$16,000,000,000,000. That is the number that would appear on the United State's theoretical credit card statement.
Although the analogy is often made, our country's debt is not similar to our personal debt, according to Jose Gabilondo, an associate professor of law at Florida International University.
"I can't borrow indefinitely, you can't, but the government can. In a way, it's not the number that matters," said Gabilondo. "What matters is can you make your monthly payment? And are your creditors still lending to you? The answer for our country, is yes."
Yes, for now. The fear for the country is if investors start doubting we can pay our debt, they can stop lending us money. Interest rates increase.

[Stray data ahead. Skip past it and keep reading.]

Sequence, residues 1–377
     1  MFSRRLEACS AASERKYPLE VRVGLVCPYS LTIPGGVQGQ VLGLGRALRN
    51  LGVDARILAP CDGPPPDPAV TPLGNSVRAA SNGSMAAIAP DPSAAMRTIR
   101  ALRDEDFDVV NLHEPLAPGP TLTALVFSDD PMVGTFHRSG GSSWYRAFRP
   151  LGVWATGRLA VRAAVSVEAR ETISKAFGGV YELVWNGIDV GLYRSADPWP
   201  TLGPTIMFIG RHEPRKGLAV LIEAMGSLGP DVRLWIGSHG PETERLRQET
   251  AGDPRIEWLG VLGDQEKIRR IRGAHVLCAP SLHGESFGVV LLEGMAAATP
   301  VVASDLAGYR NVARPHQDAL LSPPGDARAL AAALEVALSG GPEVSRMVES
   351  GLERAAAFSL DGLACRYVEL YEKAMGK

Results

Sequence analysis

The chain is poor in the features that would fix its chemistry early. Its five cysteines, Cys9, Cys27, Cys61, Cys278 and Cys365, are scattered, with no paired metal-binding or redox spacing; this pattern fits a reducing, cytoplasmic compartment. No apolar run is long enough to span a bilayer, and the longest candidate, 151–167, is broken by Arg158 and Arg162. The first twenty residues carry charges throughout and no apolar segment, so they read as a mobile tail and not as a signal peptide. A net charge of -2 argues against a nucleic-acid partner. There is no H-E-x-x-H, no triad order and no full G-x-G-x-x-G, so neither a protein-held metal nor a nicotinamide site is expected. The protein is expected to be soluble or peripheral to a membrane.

"I'm not sure we can continue to get away with it," Gabilondo said.
For the average American, the impacts are also felt when it comes to our quality of life.
"If we had less debt, we could take our net income and do something more productive with it, like build bridges, invest in schools," Gabilondo adds.
The debt, all $16 trillion of it, has been at the forefront of the presidential campaign. A national debt clock constantly ticked away during the Republican National Convention.
It was a not so veiled jab at President Barack Obama. Both parties continue to disagree on how to reign in that debt. No matter what side of the issue you're on, it comes down to two basic solutions.
"One way to fix it it is through raising taxes. The other way is through cutting spending, which is extremely unpopular," Gabilondo said.
Just like our household budgets though, tough choices will have to be made in order to start shaving off some of those zeros.
"Politicians are paid to make the difficult decisions and if they don't, they pay the price for it," said Gabilondo.